Susanne Pini featured in ABC’s Future Tense Podcast on “Shopping Centres & the Future of Spending”
Australian Broadcasting Corporation (ABC) Radio National’s podcast series “Future Tense” is known for its thought-provoking episodes that offer “a critical look at our shape-shifting world and how we're learning to adapt.” The latest episode, hosted by Edwina Stott, focuses on the ever-changing world of retail and the shopping centre.
Susanne Pini, director of mixed-use and retail at HDR, along with fellow guests — Dr. Bill Page, Cate Trotter, and Dr. Jathan Sadowski — spoke to the history of the shopping centre, how they’ve evolved over time, and how they’re transforming to keep up with the changing retail landscape.
“When we talk about the evolution of shopping centres we have to go back many, many centuries. The nexus of where it all started was the Roman market place,” Susanne Pini begins.
“And if you think about market places, they have that kind of quality of being something that’s ever-changing — so the idea that you go one day and you go the next and it’s a different exchange — it’s an exchange of goods, but it's also an exchange of sociality. So that’s arguably where shopping centres started.”
But overtime, the emphasis shifted from shopping centres being the centre of social interaction in addition to the goods to becoming a just place where you buy “stuff.” Susanne continues to say that while this shift might seem obvious, and perhaps even make sense, there’s a fundamental problem with it, “this idea of having singular buildings that only do one thing is not actually the way we live our life.”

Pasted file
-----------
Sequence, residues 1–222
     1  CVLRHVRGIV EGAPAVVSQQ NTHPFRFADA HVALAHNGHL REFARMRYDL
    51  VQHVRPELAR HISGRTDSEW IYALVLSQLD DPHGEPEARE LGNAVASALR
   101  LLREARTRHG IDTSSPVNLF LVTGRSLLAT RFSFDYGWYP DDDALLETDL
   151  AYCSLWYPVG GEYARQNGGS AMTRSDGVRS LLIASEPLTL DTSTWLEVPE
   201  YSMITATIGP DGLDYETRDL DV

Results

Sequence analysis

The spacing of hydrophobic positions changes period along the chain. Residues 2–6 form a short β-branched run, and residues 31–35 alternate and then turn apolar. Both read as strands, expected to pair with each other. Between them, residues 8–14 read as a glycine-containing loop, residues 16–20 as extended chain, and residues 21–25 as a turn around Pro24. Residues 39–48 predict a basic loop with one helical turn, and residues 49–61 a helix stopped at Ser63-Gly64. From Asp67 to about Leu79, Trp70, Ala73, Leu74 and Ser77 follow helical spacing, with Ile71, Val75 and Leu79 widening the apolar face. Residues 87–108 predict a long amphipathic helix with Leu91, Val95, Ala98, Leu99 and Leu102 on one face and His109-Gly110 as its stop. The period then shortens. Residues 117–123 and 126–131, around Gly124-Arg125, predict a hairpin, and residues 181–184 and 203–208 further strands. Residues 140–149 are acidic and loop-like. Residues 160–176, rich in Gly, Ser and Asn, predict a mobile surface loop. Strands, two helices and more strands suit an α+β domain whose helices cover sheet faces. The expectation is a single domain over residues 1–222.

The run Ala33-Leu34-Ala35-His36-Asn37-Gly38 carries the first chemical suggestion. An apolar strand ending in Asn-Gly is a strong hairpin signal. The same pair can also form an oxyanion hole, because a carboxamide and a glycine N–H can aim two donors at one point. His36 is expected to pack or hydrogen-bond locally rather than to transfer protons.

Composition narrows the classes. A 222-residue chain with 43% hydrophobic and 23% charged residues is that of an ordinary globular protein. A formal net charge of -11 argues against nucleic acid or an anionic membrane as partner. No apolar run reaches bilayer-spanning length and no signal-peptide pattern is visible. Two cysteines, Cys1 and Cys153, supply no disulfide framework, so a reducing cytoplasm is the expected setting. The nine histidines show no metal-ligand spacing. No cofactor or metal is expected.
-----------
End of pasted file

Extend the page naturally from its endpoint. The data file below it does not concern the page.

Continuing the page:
So how does the shopping centre evolve to stay relevant? The key lies in the success of its past — to once again “become a strong piece of community infrastructure,” Susanne adds. “And that’s the role of shopping centres going forward — it’s the new town hall, it’s the new town square, it’s the new piece of civic infrastructure. It has been for many years, but now what’s starting to evolve are centres that look and feel that way … so they’re much more open and much more connected to what’s around them.”